AVS Forum banner
Status
Not open for further replies.
1 - 3 of 3 Posts

·
Registered
Joined
·
659 Posts
Discussion Starter · #1 ·
I have some 3/4" PVC pipe that runs throughout my basement ceiling, so I need to basically "lower" the entire ceiling at least that much. My plan is to just screw 2x2's to the joists throughout most of the ceiling. My question is, is there any benefit to attaching them perpindicular (forming a grid), as opposed to directly on the joists? I figure running them directly along the joists would be much easier, but if there is an acoustical (or structural) advantage to doing them perpindicular, I will do it that way.
 

·
Registered
Joined
·
287 Posts
This came up a long time ago earlier this year, and possibly several times since then (and probably before)


There didn't seem to be an overwhelming consensus, but if it were me I would go wtih the perpendicular installation if you have any of the following conditions:


- dimensional lumber joists that aren't level with each other to enough of a degree that the variance will show in the final ceiling. By running perpindicular you can find your lowest point and shim from that point at the other intersections which are significantly higher, and get a much more level ceiling with no bowing anywhere. It is much harder to shim when running right on the joists and keep up with attaching the 2x2 to the joists every 16" as you should. If you joists are manufacturered, or haven't checked or twisted at all and are in great shape, or if you don't care about your ceiling having an occasional bow in it, don't worry about this.


- joists that are not 16" OC. You can sometimes find up to 24" OC joists depending on region, when the structure was built, etc. If the joists aren't 16" OC, I would definately install the strips perpindicular and space them 16" OC.


- You are trying to elminate sound transfer to the room above (or vice versa). While I have no measuredc data to back it up, I have to think that a perpindicular ceiling due to the much less are of contact would have less sound transferrance. In fact, if I recall there are clips made which allow you to attach a ceiling like this which are design to specifically reduce sound transferrance. However, I don't think you have to use these.


From my experience, I know that simply putting 1/8" to 1/4" of medium-density rubber between the two, even with a screw going through it, definately helps dampen the sound transfer. However, it may create a diaphram effect on the ceiling which would be undesirable (I'm no expert in acoustics, but it is a possible concern).


Just 2 weeks ago in my garage (HT going upstrairs), I wanted to quiet down my already quiet garage door openers (belt driven Chamerlain Whisper Drives) even more so they couldn't be heard upstairs (I could care less if the HT can be heard down in the garage, but when somebody comes home I don't want to hear the openers upstairs). Since they are attached through a 2x6 directly to the joists, I simply removed the lag bolts holding the 2x6, placed 2 layers of a pair of truck mud flaps I bought at a garage sale, and re-attached the 2x6, through the hard rubber, about 1/4" total. The same was done for the front plate holding the track. I learned this trick on Ask This Old House on DIY, believe it or not. :)


The results were fantastic. First, the hand vibration test where I rested my hand on the side of the joist about 4" away from the opener reveled a difference in night and day. With no dampening I could feel a ton of vibration, and where there is vibration there is noise. In the after case, I could barely feel the opener running.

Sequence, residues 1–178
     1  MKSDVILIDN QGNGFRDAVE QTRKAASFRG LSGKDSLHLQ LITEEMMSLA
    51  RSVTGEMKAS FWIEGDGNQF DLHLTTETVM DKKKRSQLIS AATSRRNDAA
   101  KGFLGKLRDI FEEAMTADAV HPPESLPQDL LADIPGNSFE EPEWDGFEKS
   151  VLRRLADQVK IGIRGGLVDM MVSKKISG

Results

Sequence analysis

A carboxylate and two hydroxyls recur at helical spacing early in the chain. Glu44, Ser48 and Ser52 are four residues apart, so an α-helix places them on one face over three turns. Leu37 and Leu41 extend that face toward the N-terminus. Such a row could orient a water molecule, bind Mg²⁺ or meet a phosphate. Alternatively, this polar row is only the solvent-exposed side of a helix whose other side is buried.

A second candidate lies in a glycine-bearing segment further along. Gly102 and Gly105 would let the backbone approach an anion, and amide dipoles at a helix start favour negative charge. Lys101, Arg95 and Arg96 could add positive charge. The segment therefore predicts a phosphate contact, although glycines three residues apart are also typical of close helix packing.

From above the garage in the HT, the sound of the opener went from fairly audible to barely audible. While I don't have a SPL, there was definately greater than a 50% reduction in audible sound, because it was quite clear that two openers running after the mod were considerably quieter than one running before. I would estimate a 60% to 80% total attenuation of the opener noise. Once I add my second layer of subfloor, plus carpet, plus a movie running, I don't even think you will be able to hear them at all.


Now, I'm sure that if you put a piece of rubber like this between the intersection points of the 2x2 strips and the joists they are running perpindicular to, it would definately reduce sound transferance to a certain degree, but how much I'm not sure. In my case above, a vibrating device was physically anchored to the ceiling joists, which is definately a special case, so that was a prime case to get great results. The whole ceiling would now have a tiny bit of give to it, but no more than a RC wall would (my understanding is it is this give that absorbs the sound energy, thereby reducing transferance). I'm not sure of the overall acoustical impact of this, but I know it will make things quieter above if you care about this.


The really nice thing is by purchasing thin rubber, say 1/16" or 1/8" thick (the softer cove moulding would work great here I bet), you can use that as your shims by simply stacking it up, and you kill 2 birds with one stone. You would plan on putting at least 1/8" everywhere, and where the joists are a bit high, you could add additional layers in increments so everything is nice and level. If you don't have one, by renting a SOLID laser level (not something like the Craftsman Laser Trac POS which is off by 1/2" over 30'), this would actually make the shimming phase go very quickly.
 

·
Registered
Joined
·
659 Posts
Discussion Starter · #3 ·
Wow! Thanks for the great info, Ryan. I was actually planning on using some sort of rubber acoustical treatment on the ceiling, but my plan was to put it directly under the drywall (below the furring strips). Is there any real reason to putting it in between the joists and the strips instead?
 
1 - 3 of 3 Posts
Status
Not open for further replies.
Top